One of the things effective school leaders do is use the collective first person pronoun “we” rather than the singular “I”.
We are in this together. We are a team. We are a school. This is our school, not mine.
Capacity comes from building a collective sense of community and keeping that “we-ness” together through constant support and team building.
Saying the Royal “we” brings a sense of cohesiveness, shared responsibility and builds group effort. It implies a partnership, a teaching tribe, a clan and a close-knit family.
Not everyone agrees though. James Walpole (2018) reckons that using “we” has its problems because it:
- promotes a false sense of team.
- becomes a way of diffusing responsibility.
- becomes a way of taking credit where credit isn’t due.
- becomes a way of criticizing passive aggressively.
“We” could be seen by some as manipulating language. A real sense of community doesn’t come by saying “we” – it comes from genuine support.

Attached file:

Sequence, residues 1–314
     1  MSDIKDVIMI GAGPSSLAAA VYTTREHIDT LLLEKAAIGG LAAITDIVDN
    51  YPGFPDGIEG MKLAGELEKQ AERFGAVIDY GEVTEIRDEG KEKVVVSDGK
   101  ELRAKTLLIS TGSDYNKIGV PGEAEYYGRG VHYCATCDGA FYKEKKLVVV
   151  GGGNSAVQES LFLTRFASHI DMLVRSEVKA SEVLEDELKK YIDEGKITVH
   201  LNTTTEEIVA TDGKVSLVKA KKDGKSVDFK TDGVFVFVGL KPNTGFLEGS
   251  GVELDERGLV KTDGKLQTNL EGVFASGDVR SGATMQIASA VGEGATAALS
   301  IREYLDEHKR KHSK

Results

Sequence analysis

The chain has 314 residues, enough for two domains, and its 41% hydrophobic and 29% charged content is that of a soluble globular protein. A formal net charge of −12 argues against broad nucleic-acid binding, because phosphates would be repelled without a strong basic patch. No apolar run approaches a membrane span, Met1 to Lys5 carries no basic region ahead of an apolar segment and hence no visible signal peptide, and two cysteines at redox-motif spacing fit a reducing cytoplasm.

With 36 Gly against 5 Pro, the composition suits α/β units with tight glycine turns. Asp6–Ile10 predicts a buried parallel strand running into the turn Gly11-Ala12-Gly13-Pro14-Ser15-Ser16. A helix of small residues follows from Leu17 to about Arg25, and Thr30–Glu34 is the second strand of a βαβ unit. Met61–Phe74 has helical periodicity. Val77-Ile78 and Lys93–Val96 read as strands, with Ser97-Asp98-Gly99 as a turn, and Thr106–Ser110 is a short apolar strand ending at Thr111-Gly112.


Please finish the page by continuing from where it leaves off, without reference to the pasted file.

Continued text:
Why should we say “we” when celebrating success if it is actually down to one or two people? And “we” means we don’t take individual responsibility.
James makes a fair point but there is a time and a place for using both “we” and “I”.
Schools are all about critical relationships and healthy relationships start with the word “we.”
That’s what a meta-analysis study found. Researchers analysed 30 studies of nearly 5,300 participants and discovered that couples who often say “we” and “us” have more successful relationships and are overall happier and healthier.
If that works for couples, then it should apply to other relationships too shouldn’t it?
When team members say “we” then it encourages people to feel that “we are all in this together” as a family when trying to solve difficult issues and problems as well as sharing accomplishments.
Using the majestic plural isn’t just for the monarch of the school but for everyone. It is inclusive, promotes connectivity and strengthens the bonds of empathy.
All those in favour of saying “We”, say “Aye”.
The Ayes have it, the Ayes have it.